After four months of shabby play on the PGA Tour, Long Beach’s Paul Goydos turned his season around when fired a 59 on this date in 2010 in the opening round of the John Deere Classic at Silvis, Ill.
Goydos’ 59 was the first on the tour since David Duval’s memorable final round in the 1999 Bob Hope Classic. Al Geiberger was the first player to shoot a 59 in the second round of the 1977 Memphis Classic. And Chip Beck became the second player to join Club 59 when he fired the same score in 1991 in the third round of the Las Vegas Invitational.
Goydos, who had only two victories in 18 years on the PGA Tour, shot a 28 on the front nine. “I have been very good at playing poorly now for the last 10 tournaments or so. I don’t know where it came from,” he said after the round.
Defending champion Steve Stricker was just one shot back with a 60 and just missed tying Goydos on the 18th hole.
Here is a look at memorable games and outstanding sports performances on this date:
1939 — Amateur Bobby Riggs, 21, beats fellow American Elwood Cooke in five sets 2-6, 8-6, 3-6, 6-3, 6-2 to win the men’s singles title at Wimbledon. Riggs, who is the No. 1 player in the world at the time, takes the first of his three major championships. Defending Wimbledon champion Don Budge is ineligible after he turns professional in 1938.
1941 — Ted Williams, 22, of the Boston Red Sox hits a three-run, two-out home run in the ninth inning off Claude Passeau of the Chicago Cubs that gives the American League a 7-5 victory in the All-Star Game at Briggs Stadium in Detroit. Williams, who is in the midst of hitting .406 for the 1941 season, says the walk-off home run is the “most thrilling hit of my life.”
1967 — Billie Jean King gets a Wimbledon trifecta when she wins three championships at the All-England Club. First, she beats Britain’s Ann Hayden Jones in straight sets 6-3, 6-4 for the women’s singles title, teams with Rosie Casals to top Maria Bueno and Nancy Richey 9-11, 6-4, 6-2 in the final of the women’s doubles and finally pairs with Australian Owen Davidson for a 7-5, 6-2 victory over Bueno and Ken Fletcher in the mixed doubles final.
1994 — Boston shortstop John Valentin pulls off the 10th unassisted triple play in baseball history in the sixth inning of a 4-3 win over the Seattle Mariners. With runners going from first and second, Valentin catches a line drive off the bat of Marc Newfield, steps on second base to double up Mike Blowers, then trots a few steps to tag out Keith Mitchell. It is the first unassisted triple play since Mickey Morandini made one for Philadelphia against Pittsburgh on Sept. 20, 1992.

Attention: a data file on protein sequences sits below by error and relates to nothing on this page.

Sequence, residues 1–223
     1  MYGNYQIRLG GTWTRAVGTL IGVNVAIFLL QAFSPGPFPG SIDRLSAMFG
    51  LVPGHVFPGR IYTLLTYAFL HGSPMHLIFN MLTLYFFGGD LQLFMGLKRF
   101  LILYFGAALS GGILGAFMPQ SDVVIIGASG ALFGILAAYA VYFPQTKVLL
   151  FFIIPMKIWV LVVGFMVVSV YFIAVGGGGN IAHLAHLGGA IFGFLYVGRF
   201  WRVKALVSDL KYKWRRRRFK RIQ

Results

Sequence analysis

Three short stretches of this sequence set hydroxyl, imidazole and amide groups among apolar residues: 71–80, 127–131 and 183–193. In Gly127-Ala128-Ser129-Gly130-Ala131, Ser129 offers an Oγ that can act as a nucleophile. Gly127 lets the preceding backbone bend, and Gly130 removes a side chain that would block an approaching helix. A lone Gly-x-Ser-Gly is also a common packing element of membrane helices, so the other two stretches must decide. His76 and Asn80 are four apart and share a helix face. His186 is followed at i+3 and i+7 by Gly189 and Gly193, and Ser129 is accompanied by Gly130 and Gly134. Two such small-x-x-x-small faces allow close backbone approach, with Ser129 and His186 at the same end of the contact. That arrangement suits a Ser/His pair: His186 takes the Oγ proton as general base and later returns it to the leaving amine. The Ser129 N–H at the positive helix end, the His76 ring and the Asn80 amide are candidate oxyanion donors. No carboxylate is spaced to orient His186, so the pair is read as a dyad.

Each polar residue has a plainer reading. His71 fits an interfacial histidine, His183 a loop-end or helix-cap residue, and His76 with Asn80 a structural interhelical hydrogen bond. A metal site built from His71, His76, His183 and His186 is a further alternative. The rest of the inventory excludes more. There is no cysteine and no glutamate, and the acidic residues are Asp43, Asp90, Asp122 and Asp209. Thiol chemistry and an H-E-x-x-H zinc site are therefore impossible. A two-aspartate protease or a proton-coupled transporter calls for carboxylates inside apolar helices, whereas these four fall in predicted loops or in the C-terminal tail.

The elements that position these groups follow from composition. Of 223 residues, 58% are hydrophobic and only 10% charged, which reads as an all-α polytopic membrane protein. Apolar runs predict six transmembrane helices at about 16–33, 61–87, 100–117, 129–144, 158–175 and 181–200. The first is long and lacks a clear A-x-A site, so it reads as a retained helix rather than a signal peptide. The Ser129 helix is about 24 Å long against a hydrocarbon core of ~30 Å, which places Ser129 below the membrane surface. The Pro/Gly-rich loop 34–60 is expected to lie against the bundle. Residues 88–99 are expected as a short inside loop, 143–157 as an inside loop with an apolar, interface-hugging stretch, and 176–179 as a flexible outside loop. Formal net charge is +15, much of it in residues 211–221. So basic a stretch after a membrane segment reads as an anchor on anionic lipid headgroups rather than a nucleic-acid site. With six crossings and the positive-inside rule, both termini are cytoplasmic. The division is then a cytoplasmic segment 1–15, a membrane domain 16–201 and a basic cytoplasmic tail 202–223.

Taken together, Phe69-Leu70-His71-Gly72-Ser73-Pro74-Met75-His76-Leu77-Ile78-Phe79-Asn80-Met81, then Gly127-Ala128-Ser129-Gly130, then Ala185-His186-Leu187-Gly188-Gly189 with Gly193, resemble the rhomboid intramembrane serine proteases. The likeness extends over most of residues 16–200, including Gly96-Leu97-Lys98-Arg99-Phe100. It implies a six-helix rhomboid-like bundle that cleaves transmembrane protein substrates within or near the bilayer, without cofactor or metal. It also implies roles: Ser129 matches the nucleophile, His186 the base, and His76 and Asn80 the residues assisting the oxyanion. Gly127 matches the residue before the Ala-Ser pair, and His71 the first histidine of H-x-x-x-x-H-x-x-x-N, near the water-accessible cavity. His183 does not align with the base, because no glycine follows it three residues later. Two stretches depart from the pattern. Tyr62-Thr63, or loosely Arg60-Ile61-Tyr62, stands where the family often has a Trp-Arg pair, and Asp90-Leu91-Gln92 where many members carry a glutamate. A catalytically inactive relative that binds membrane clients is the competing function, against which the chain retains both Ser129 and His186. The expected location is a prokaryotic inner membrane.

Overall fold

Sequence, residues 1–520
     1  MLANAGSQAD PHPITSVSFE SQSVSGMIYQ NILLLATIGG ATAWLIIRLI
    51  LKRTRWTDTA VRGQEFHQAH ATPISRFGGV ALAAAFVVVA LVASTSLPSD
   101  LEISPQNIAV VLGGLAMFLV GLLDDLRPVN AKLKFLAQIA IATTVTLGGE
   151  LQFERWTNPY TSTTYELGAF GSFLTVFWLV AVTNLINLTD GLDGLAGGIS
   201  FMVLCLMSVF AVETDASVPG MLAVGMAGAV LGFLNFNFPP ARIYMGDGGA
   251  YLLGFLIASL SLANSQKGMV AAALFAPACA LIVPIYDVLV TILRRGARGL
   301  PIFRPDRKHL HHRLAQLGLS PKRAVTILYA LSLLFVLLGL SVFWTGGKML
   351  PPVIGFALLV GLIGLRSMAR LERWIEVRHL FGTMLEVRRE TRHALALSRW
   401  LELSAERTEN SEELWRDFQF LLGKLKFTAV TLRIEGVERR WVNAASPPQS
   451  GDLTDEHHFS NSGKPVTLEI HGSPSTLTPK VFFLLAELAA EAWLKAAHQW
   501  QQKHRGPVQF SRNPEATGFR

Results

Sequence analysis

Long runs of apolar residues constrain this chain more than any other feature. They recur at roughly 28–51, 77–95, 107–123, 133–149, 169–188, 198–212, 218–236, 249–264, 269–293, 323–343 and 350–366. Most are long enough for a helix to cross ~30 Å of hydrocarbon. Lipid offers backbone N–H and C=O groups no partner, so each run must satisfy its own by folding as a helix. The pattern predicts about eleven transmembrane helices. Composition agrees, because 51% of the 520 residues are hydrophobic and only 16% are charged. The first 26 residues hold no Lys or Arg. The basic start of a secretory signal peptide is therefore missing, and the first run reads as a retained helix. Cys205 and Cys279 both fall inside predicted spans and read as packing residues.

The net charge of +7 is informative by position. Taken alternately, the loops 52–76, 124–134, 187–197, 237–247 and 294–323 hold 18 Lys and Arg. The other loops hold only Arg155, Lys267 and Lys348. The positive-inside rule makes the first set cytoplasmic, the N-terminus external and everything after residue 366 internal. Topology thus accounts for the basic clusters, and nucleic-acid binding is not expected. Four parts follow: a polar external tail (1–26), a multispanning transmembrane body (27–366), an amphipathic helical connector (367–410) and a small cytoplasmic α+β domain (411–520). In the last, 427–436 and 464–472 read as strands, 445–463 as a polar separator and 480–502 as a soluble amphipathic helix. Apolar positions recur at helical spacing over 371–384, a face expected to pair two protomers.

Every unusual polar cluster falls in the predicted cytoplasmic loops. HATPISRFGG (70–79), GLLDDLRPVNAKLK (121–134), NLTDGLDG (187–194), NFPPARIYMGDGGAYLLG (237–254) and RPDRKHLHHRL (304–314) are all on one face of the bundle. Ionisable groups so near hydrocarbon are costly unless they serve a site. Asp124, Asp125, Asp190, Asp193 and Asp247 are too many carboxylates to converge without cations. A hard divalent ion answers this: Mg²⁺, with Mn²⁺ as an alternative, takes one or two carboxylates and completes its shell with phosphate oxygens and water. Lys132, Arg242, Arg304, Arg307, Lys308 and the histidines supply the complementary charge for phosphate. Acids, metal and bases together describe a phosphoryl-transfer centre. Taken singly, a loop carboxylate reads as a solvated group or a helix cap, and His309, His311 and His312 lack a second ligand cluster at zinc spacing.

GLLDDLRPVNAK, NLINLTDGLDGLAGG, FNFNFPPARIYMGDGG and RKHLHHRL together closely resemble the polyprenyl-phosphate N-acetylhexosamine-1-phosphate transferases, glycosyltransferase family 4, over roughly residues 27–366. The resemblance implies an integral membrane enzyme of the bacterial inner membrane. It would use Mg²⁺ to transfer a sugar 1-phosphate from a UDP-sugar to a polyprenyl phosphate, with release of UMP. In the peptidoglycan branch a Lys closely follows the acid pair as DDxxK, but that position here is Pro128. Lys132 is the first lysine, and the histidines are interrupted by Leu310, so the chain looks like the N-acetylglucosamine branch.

2000 — Venus Williams, 20, is the first Black women’s Wimbledon champion since Althea Gibson in 1958 when she beats Lindsay Davenport 6-3, 7-6 (3) in the singles final for her first Grand Slam title. She joins her sister Serena as the first pair of siblings in tennis history to each own a Grand Slam singles championship. Serena won the French Open in 1999.
2000 — Pitchers Dwight Gooden and Roger Clemens team up to defeat the New York Mets twice and give the New York Yankees identical 4-2 victories in the first double-ballpark doubleheader in baseball since 1903. After the opener at Shea Stadium, many in the sellout crowd of 54,165 immediately head for Game 2, which draws 55,821 at Yankee Stadium. Game 1 had been rescheduled after a rainout on June 11.
2012 — Roger Federer of Switzerland spoils a British Centre Court party when he ties Pete Sampras’ record of seven men’s singles titles at Wimbledon by beating Scotland’s Andy Murray in four dazzling and tense sets, 4-6, 7-5, 6-3, 6-4. The victory is also Federer’s 17th Grand Slam title and he reclaims the No. 1 ranking for the third time in his career.
2012 — Na Yeon Choi of South Korea, who starts the final round with a six-shot lead, survives a triple bogey and a few more shaky moments on the back nine to win the U.S. Women’s Open at Blackwolf Run in Kohler, Wis. Choi, 24, shoots a one-over-par 71 to finish four strokes ahead of fellow South Korean Amy Yang. It is her first major title and sixth victory on the LPGA tour.
2014 — Germany hands Brazil its worst World Cup defeat with a shocking 7-1 smashing in the semifinals that stuns the host nation at Rio de Janeiro. Miroslav Klose scores a record-setting 16th goal, surpassing Brazil’s Ronaldo as the tournament’s all-time scorer during a five-goal spree in the first 29 minutes. Germany advances and beats Argentina in the final 1-0.
SOURCES: The Times, Associated Press